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ABSTRACT: Sophisticated computational methods have been developed to help us to identify sets of nature reserves that maximize the representation of regional diversity, but, until recently, the methods have not dealt explicitly and directly with the main goal of reserve networks, that of the long-term maintenance of biodiversity. Furthermore, the successful application of current methods requires reliable information about species distributions, which is not always available. Recent results show that data quality, as well as the choice of surrogates for biodiversity, could be critical for successful reserve design. Because of these problems and a lack of communication between scientists and managers, the impact of computational site-selection tools in applied conservation planning has been minimal.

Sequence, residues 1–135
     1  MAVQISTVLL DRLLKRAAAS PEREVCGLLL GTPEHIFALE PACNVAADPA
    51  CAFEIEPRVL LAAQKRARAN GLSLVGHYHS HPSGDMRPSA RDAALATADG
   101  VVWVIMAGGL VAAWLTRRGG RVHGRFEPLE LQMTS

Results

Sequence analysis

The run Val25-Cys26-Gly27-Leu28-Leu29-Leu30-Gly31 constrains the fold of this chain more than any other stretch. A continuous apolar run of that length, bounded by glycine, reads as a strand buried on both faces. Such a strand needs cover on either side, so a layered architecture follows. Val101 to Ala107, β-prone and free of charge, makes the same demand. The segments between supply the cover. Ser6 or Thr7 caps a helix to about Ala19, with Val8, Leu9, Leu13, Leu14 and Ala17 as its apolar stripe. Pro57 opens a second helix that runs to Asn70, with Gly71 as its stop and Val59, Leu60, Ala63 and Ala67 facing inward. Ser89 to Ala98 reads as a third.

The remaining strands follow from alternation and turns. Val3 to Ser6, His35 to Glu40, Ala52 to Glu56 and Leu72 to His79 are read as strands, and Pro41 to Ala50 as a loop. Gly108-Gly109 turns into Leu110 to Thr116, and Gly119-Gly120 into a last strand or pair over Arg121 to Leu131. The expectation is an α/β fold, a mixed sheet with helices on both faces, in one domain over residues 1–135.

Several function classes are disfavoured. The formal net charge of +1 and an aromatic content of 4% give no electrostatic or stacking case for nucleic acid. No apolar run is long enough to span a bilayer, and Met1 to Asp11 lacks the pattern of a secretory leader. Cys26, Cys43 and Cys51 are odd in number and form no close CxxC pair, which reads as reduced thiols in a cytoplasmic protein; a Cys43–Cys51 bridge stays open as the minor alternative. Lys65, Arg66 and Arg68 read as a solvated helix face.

Category: Papers Conservation
Authors: Cabeza, M. and Moilanen, A.
Publication Year: 2001

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